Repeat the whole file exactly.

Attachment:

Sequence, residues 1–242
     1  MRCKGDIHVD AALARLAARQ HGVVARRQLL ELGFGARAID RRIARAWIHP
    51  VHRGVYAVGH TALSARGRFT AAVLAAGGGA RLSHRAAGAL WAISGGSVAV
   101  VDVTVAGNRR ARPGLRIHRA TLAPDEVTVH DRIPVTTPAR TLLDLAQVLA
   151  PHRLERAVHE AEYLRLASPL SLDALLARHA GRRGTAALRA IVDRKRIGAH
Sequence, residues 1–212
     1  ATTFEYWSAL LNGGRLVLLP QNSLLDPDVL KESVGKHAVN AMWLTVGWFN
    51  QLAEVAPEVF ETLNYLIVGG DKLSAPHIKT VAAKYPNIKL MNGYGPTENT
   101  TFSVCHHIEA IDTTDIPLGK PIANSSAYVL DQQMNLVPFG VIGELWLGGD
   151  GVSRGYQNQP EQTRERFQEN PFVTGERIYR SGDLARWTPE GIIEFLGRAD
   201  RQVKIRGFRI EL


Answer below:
Sequence, residues 1–242
     1  MRCKGDIHVD AALARLAARQ HGVVARRQLL ELGFGARAID RRIARAWIHP
    51  VHRGVYAVGH TALSARGRFT AAVLAAGGGA RLSHRAAGAL WAISGGSVAV
   101  VDVTVAGNRR ARPGLRIHRA TLAPDEVTVH DRIPVTTPAR TLLDLAQVLA
   151  PHRLERAVHE AEYLRLASPL SLDALLARHA GRRGTAALRA IVDRKRIGAH
Sequence, residues 1–212
     1  ATTFEYWSAL LNGGRLVLLP QNSLLDPDVL KESVGKHAVN AMWLTVGWFN
    51  QLAEVAPEVF ETLNYLIVGG DKLSAPHIKT VAAKYPNIKL MNGYGPTENT
   101  TFSVCHHIEA IDTTDIPLGK PIANSSAYVL DQQMNLVPFG VIGELWLGGD
   151  GVSRGYQNQP EQTRERFQEN PFVTGERIYR SGDLARWTPE GIIEFLGRAD
   201  RQVKIRGFRI EL